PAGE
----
Are you ready for ICE to audit your I-9s?
Updated: May 6
It’s no secret the Department of Homeland Security has increased the number of immigration enforcement agents (ICE) to seek out those who are undocumented aliens and perform deportation across the nation. What you may not know is they have requested and are funded to increase the number of ICE agents assigned to perform employment compliance audits by a factor of 5 for 2018 and going forward. It is estimated about 700,000 U.S. employers of all sizes will be audited in 2018 alone.
What is in question is the documentation employers keep to demonstrate correct verification of their employees. The baseline document is form I-9 that is mandated to be completed and kept on file to prove the eligibility of employees to work in the U.S. However, these compliance audits may involve far more that looking at the I-9s.
The audits come in different forms, by email, phone calls, desk reviews and site visits to verify that an employer has accurate and complete documentation. The audits will also likely review and cross reference other substantiating documentation. These substantiating documents include payroll records, employee rosters, past employee list, tax statement, earnings statement, Social Security Administration correspondence, business license, articles of incorporation, etc.
Employers are usually given a 72 hour notice that an ICE audit will be performed so that you can get your documents ready. If you’re in California, new in 2018, you want to make sure to notify employees you’ve received the notice of the ICE audit within 72 hours of the audit. You also must request the agent brings a subpoena or court order to look at employee documents, otherwise you must refuse or face fines from California up to $10,000 per violation.
But let’s back up to prepare for such an audit - first and foremost you want to be sure that your I-9s are the correct version for when the employee was hired, they are filled out correctly and completely and retained as required. Do not file in an employee’s personnel folder and separate out those for terminated employees.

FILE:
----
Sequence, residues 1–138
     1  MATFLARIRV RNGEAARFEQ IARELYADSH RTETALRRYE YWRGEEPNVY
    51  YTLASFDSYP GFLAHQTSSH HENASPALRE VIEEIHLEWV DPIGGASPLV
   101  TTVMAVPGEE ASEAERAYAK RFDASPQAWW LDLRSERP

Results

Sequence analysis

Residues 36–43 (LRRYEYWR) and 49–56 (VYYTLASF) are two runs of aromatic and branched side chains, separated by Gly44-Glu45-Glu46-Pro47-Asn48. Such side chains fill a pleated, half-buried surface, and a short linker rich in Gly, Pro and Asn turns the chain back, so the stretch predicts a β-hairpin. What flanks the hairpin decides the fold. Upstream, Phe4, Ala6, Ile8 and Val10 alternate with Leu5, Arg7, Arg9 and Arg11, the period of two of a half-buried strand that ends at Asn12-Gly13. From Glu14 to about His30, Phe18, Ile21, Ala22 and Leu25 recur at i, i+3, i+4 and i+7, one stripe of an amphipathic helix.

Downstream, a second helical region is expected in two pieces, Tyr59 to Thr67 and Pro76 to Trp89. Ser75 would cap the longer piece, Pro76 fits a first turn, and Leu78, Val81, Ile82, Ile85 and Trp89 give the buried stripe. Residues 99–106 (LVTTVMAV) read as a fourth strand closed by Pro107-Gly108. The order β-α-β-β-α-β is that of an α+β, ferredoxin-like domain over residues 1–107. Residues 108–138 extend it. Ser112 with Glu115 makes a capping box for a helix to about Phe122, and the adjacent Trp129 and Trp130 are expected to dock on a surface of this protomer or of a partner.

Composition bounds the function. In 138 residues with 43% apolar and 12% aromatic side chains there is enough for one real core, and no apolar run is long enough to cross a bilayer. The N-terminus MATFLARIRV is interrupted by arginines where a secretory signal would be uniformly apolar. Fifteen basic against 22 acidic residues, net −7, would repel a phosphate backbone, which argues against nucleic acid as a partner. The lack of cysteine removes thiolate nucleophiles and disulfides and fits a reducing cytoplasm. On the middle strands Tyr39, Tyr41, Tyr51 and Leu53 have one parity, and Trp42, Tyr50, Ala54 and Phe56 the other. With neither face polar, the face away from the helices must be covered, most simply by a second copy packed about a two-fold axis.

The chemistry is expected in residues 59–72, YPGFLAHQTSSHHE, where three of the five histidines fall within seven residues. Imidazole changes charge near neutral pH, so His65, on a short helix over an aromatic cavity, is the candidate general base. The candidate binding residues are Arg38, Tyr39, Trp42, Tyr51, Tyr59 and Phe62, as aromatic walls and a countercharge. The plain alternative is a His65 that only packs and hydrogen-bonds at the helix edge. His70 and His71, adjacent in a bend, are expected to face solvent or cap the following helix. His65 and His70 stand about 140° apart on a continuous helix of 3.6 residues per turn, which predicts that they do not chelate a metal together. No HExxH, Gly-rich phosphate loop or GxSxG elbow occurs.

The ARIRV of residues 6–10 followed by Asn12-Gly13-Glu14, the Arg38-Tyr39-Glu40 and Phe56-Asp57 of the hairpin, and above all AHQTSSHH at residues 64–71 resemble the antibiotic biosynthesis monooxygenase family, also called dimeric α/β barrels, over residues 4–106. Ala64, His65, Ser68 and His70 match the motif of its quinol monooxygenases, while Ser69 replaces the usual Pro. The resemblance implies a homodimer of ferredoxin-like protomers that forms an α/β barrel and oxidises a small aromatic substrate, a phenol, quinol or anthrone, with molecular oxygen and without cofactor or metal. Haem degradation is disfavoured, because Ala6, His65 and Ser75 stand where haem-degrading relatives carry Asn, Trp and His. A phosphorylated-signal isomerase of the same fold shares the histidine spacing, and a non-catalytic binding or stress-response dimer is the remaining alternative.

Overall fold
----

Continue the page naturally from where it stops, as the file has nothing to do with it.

It has become common practice for many businesses to go paperless and it is acceptable to have the I-9s be kept as electronic files, too. The requirements are that they are to be kept securely, only viewed on a “need to know” basis and easily retrievable.
It is important to note that the I-9 form is required and may NOT be replaced by E-verify or Social Security Administration name and number cross reference.
Next you’ll want to know where all of your company documentation that will be required for substantiation of the I-9s is so that you have access to it when you need it.
Unfortunately, the fines have been increased, too, since Jan. 1, 2018. In 2015 the fines were $110/day of employment per employee. They are now $242/day of employment per employee. If it is a minor clerical error, they can let you off the hook with no fine. However, if the agent thinks the employer has made a substantial error or has intentionally hired an undocumented alien, the fines can be 5% on top of the baseline fine plus additional penalties. Needless to say, this can cost a lot of money.
I recommend that you have an audit done of your I-9s to make sure they are filled out completely and correctly. If you are not trained in I-9 form fill out or, like so many others, have other things to do and can’t find the time to do a thorough I-9 audit, let me know. We are happy to help you and available when you need us.
Karen Mathews Radau, CEO and Sr. Consultant Small Business HR Services®, Chapter 113
Karen Mathews Radau has been in business for 12 years doing organizational effectiveness, career coaching and human resources. She is passionate about helping her clients be successful, manage their risk as an employer and develop a culture of compliance.
Karen is certified as an HR Professional, has an M.A. in Organizational Psychology from JFKU and a B.S. in Business Management from UOP. She has additional training and certifications, most notably as a Certified Coach and NLP (Neuro-Linguistic Programming) Master Practitioner. See more at www.Smallbizhrservices.com.